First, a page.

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January 15th, 2016
matatu 1

Me in the matatu, headed to Kampala. The boy next to me was taking selfies earlier, which gave me the confidence to take some.

matatu 2

This is what it looked like.

Busy intersection near my hotel.

Busy intersection near my hotel.

Same busy intersection, slightly different angle. This was on a Sunday afternoon. Imagine it on a busy Saturday afternoon, like when I arrived!

Same busy intersection, slightly different angle. This was on a Sunday afternoon. Imagine it on a busy Saturday afternoon, like when I arrived!

Last weekend I went to the capital of Uganda, Kampala. I went by myself, taking a 14 passenger minibus (called a matatu) on a 4 hour ride with my backpacking bag.

I made reservations with a hotel called the Pacific Hotel, which was in downtown Kampala. It was 18$ per night! My travel book acted like this would be a good place but I couldn’t really find any reviews online. I had a list of other hotels so I figured if this was bad I could go to another.

The ride up wasn’t bad. There was a chicken in the matatu, but she was quiet. 4 hours isn’t too bad when you don’t look at the time. I made conscious decisions during the ride to avoid looking at the time because I thought it would make me more “3 more hours. 2 more hours. 1 more hour. Etc.” My seat cushion did seem to sink down quite a bit by the time we got there. read more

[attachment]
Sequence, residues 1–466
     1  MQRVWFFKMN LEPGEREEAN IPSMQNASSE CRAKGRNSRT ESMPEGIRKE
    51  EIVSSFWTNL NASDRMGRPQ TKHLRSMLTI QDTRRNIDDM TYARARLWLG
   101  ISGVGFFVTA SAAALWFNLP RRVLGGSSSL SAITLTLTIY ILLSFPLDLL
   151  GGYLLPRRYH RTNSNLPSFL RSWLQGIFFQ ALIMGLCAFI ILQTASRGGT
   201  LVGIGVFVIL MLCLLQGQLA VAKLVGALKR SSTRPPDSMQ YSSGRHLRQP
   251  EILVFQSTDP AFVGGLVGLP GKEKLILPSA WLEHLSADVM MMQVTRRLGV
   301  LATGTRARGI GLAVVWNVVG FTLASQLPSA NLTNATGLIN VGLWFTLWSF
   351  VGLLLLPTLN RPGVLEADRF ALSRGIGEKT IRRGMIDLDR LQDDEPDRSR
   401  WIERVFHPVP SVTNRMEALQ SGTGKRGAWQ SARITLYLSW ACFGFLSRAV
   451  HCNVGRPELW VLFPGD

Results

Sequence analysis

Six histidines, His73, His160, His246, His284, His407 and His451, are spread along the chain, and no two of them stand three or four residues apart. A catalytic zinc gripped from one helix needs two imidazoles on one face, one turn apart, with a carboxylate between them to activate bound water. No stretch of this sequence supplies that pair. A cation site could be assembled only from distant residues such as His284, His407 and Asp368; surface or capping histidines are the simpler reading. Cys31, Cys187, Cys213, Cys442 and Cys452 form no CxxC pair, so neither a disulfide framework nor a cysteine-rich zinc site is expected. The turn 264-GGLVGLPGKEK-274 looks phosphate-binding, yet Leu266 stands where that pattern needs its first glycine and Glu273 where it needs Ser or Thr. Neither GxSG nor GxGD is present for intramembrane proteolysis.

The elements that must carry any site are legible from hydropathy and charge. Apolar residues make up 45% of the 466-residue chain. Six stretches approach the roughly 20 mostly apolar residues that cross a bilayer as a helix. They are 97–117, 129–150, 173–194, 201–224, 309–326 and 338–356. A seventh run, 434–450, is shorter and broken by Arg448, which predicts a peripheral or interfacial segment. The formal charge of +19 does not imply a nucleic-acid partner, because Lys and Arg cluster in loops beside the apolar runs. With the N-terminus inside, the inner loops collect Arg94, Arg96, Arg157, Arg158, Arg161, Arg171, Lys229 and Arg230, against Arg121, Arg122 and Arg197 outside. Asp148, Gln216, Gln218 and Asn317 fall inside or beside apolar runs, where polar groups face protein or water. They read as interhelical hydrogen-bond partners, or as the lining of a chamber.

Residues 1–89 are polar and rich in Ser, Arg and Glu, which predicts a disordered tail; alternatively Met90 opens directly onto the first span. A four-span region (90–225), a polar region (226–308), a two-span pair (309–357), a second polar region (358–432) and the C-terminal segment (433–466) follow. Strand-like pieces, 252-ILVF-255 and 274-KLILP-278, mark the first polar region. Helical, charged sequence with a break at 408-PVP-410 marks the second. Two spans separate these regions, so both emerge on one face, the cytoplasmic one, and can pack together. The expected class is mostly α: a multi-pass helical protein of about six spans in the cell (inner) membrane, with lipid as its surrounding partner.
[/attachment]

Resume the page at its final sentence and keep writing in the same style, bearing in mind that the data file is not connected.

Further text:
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Ok New Year’s Celebration, Fabulous Life

December 31st, 2015


Me and my village English class.

The end of the year! When I think back to what I was doing last New Year’s, I knew I wanted to get to Africa some how but I definitely never thought that I would be here one year later! Yay!

I haven’t been blogging as much as I did when I was in Liberia because I’ve been busy doing real work! I have been teaching English classes to adults and working on the website for Sprout Care Foundation.


Me writing some stuff. I never thought I’d teach outside under a tree! What a joy!

Sprout Care Foundation, the organization that I’m currently volunteering for, is a community development organization that works to help their district of Uganda by doing many things. Some of the things are sponsoring children’s fees in local schools, helping poor families with various types of assistance, doing community education and awareness of stuff like HIV, waste management, nutrition and also adult education classes like English and Career Development. read more

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Ugandan Christmas

December 27th, 2015


Me and Lucy at the Christmas dinner.

So Christmas was a couple days ago. Very different than in the states. We went to church at 9 am on Christmas Day and the service ended at 12:30 pm. By the time we got home it was 1 pm and the women started cooking. Christmas dinner, aka lunch, was served around 2:30 pm. It was a very large spread of all sorts of Ugandan food. Lucy and I gave some gifts to the family members at the house. Normally they don’t do gifts for Christmas.